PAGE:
Oops, we did it again!

Well, this morning’s twitter storm about the Mail’s ‘exposé’ on food banks rumbles on. It does illustrate neatly how disconnected twitter is, but I’d like to climb into the bandwagon driving seat for a bit and point out some ironies.

here it is!

The first, and this was at 11am, in response to the piece being a dreadfully bad thing, I disagreed:

pete langman @elegantfowl  ·  7h
@rosamundi @robbyhickman no, it’s great they show that charity based on assumption of honesty of applicant – pure generosity of spirit

The Mail shoots itself in the foot by saying that you won’t be interrogated, stigmatized or noted down for asking for help. Yay the Mail! Thanks, guys. People need help. They need to know they can ask for it without prejudice. This is what this article showed.

Yes, that was far from the intention, but here’s the other epic fail. The headline bemoans the idea that you can get help ‘no questions asked’, and yet the body text of the article reads ‘then the assessor’s questions turned to …’. Perhaps the journalist responsible (whom I shall not attack) will be in need of help sooner than expected if this is the standard of logic …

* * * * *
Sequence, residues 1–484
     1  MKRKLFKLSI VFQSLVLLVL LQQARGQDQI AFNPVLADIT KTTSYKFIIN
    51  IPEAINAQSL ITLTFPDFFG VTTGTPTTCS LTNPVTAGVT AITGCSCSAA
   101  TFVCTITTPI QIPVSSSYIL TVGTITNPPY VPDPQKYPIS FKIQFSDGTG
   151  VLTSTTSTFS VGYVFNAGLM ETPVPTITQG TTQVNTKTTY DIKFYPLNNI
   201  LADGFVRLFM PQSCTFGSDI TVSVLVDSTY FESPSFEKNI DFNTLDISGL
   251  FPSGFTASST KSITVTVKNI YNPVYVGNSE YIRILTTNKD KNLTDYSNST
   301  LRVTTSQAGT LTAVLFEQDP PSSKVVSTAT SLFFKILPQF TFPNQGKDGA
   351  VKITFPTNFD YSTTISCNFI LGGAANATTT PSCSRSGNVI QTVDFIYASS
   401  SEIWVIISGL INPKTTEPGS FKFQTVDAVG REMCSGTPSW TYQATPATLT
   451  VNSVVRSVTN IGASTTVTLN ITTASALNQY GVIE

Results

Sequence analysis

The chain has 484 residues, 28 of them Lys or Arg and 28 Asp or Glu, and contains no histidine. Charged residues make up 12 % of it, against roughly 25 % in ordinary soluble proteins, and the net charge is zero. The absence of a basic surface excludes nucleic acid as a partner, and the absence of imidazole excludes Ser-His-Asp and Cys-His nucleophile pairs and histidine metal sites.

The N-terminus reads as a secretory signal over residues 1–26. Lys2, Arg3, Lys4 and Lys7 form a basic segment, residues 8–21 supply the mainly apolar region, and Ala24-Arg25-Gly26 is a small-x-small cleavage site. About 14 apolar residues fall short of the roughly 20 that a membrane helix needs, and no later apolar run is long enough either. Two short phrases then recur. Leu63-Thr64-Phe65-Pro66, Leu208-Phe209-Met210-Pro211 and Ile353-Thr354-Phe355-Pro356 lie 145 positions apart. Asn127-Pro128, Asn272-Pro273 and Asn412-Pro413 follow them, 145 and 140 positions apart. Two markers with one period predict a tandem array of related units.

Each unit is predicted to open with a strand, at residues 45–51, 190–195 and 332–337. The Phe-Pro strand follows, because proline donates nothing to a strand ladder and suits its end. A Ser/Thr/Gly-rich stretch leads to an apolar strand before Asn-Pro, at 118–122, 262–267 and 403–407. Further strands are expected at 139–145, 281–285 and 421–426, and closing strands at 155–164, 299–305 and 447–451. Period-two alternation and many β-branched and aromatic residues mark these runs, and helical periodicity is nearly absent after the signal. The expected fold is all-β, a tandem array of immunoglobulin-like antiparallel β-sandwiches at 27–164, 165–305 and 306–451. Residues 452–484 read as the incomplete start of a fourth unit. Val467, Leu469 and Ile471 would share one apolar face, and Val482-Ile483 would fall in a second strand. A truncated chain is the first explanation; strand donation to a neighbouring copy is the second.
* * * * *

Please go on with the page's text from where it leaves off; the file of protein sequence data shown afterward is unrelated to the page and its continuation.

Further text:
Piss-poor journalism from the Mail, then.

The real question, however, is was this a carefully orchestrated campaign by the Mail to appease its readership while doing good things. The Trussel Trust saw donations soar … (see this top spoof)

Yes, there were some other bits that were of interest, but primarily we have this:

Charity helps people in need without branding them.

Now, how cool is that?

Support Trussell, OneCanTrust, or any local food bank. Why? If for no other reason than the Mail says don’t. And when a Daily Mail journalist knocks on your door? Make ’em a cup of tea. They have a shit life.

 

 

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